Symptom Structures Differ in Suicidal vs Nonsuicidal Depression

sad woman sitting on floor
sad woman sitting on floor
Patients with major depressive disorder with suicidal ideation have different symptom structures than nonsuicidal patients with depression.

Patients with major depressive disorder with suicidal ideation have different symptom structures than nonsuicidal patients with depression, including heightened factors of hopelessness and lack of optimism, according to study results published in the Journal of Affective Disorders.

The investigators of this study sought to compare the difference between depressive episodes with suicidal ideation and depressive episodes without suicidal ideation, and whether these episodes were associated with distinct symptom patterns observed in latent variable structures.

The study sample included 919 patients with major depressive disorder recruited from the Netherlands Study of Depression and Anxiety. Participants were divided into 2 groups: patients without symptoms of suicidal ideation (n=691) and patients with 1 or more symptom of suicidal ideation (n=228).

Symptoms of depression and anxiety were analyzed using the short form of the Mood and Anxiety Symptoms Questionnaire, including subscales of general distress or negative affect, anhedonic depression or lack of positive affect, and anxious or somatic arousal. The study investigators tested differences between the groups’ symptom structures using confirmatory factor analysis and subsequent multiple-group confirmatory factor analysis, which were then used to test measurement invariance.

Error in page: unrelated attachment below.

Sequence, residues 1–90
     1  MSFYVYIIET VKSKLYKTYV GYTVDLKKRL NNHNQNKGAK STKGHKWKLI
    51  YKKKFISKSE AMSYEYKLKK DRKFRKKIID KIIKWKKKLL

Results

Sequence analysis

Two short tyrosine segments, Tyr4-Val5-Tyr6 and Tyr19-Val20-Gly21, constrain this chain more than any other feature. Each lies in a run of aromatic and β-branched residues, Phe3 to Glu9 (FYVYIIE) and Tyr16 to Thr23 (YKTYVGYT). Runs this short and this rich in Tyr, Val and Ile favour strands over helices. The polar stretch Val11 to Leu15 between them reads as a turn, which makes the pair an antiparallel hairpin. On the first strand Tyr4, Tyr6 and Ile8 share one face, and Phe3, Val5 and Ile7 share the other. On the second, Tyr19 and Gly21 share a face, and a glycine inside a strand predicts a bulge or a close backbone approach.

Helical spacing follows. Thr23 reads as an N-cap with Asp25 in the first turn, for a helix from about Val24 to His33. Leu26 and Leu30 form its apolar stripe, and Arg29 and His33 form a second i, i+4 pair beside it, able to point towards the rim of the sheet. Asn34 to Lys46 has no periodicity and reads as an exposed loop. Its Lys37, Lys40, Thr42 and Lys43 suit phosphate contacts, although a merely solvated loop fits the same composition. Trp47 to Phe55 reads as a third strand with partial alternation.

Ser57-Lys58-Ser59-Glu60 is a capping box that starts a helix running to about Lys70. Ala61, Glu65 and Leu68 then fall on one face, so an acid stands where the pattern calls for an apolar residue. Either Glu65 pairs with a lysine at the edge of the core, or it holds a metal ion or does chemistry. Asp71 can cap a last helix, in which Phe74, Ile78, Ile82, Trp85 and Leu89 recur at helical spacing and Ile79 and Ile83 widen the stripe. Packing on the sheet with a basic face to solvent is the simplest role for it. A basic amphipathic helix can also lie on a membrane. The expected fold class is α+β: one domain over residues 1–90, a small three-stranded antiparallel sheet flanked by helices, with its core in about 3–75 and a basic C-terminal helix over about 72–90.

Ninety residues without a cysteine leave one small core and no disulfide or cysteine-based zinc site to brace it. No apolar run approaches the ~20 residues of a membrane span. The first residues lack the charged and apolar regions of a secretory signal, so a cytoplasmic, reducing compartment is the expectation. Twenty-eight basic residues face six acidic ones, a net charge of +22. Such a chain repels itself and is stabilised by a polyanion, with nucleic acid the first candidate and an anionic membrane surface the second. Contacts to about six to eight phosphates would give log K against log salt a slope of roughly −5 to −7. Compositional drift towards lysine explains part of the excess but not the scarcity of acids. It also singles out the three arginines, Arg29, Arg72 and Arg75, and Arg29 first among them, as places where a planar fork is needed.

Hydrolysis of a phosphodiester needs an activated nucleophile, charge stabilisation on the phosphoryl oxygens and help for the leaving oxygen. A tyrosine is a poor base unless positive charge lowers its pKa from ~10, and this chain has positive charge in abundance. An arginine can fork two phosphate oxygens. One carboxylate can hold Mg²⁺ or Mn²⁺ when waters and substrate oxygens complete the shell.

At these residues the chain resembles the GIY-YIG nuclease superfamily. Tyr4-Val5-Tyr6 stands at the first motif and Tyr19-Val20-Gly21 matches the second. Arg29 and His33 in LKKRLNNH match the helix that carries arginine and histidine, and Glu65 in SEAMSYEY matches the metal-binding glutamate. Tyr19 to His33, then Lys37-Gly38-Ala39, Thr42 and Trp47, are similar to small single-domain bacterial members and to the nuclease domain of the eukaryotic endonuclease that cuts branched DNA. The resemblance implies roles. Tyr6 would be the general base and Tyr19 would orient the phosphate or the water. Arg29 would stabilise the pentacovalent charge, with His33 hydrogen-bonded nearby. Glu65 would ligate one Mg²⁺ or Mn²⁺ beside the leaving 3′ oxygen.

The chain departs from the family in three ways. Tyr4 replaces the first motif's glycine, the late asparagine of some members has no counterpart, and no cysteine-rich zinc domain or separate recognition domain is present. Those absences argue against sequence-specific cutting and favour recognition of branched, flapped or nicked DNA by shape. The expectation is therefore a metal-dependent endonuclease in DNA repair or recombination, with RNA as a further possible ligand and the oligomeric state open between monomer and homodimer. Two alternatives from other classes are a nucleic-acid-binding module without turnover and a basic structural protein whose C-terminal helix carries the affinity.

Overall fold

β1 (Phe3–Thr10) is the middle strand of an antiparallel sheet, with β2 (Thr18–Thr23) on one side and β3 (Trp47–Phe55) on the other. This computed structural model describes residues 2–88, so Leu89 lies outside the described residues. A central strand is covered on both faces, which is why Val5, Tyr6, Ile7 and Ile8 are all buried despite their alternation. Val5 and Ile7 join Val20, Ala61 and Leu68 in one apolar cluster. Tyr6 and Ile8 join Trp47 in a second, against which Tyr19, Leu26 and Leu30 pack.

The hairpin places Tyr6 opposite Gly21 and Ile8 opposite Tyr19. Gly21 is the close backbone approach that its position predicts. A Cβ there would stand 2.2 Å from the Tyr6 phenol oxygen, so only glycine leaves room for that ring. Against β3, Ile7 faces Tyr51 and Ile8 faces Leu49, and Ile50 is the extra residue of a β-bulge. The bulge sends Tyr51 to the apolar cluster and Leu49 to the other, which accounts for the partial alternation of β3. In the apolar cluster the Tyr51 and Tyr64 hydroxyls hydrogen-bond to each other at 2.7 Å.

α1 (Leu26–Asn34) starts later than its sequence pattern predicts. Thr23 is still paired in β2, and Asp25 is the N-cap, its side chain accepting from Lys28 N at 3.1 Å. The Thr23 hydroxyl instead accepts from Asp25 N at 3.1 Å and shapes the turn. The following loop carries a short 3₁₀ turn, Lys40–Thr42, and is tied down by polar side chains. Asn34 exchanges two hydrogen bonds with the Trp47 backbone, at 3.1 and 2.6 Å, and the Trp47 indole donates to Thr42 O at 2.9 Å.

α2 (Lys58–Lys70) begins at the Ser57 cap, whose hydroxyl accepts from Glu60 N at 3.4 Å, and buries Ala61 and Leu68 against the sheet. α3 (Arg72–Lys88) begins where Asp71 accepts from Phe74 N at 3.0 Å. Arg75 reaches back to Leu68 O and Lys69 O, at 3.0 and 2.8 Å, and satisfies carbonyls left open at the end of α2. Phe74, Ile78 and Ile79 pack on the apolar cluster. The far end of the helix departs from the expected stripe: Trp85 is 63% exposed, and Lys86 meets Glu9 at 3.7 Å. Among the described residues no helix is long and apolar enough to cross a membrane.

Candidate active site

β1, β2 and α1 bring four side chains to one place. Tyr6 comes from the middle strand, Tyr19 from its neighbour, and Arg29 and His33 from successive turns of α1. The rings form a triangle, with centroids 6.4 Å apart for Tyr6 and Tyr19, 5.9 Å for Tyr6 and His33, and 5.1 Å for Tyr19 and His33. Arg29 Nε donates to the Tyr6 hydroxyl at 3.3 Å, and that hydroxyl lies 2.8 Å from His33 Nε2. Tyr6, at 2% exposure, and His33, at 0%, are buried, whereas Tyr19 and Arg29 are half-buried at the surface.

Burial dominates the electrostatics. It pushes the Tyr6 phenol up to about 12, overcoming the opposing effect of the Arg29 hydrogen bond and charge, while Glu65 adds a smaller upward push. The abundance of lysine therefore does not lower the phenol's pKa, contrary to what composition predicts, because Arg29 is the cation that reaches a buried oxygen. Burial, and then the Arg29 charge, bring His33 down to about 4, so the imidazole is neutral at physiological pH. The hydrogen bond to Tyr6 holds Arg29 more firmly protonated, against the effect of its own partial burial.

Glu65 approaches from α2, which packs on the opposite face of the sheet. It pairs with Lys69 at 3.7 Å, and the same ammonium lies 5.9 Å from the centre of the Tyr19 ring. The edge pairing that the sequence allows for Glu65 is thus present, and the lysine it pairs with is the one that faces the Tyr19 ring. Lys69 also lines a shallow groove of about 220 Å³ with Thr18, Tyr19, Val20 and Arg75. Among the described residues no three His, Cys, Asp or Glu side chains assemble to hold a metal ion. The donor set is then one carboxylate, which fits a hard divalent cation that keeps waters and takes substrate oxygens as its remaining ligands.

The confirmatory factor analysis showed differences in latent variable structures of the nonsuicidal ideation group (comparative fit index [CFI] 0.957; root mean squared error of approximation [RMSEA] 0.041; 90% CI, 0.036-0.045) vs the suicidal ideation group (CFI 0.900; RMSEA 0.056; 90% CI, 0.048-0.063), implying a difference in symptom structure between groups. Subsequent confirmatory factor analysis showed violations of measurement invariance, suggesting the observed differences are less meaningful because of differing symptom constructs between groups.

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In the general distress and anhedonic depression subscales, hopelessness and lack of optimism were associated with depression in the suicidal ideation group, while dissatisfaction and not feeling lively were associated with depression in the nonsuicidal ideation group. Overall, the suicidal ideation group scored higher on the anhedonic depression items but with notable lower inter-item correlations.

Limitations to the study were the inclusion of very mild cases of suicidal ideation in the sample and differences in symptom structure that could be due to other factors, such as symptom severity and duration. Furthermore, symptom structure was analyzed for a group of patients and could differ for each individual patient.

The study investigators conclude that depressed patients with suicidal ideation have different factorial structures than those without suicidal ideation, and depression characterized by hopelessness and anhedonia coincide more with suicidal ideation. Further studies should explore the symptoms structures of depression to inform appropriate treatments.


van Ballegooijen W, Eikelenboom M, Fokkema M, et al. Comparing factor structures of depressed patients with and without suicidal ideation, a measurement invariance analysisJ Affect Disorders. 2019; 245:180-187. doi:10.1016/j.jad.2018.10.108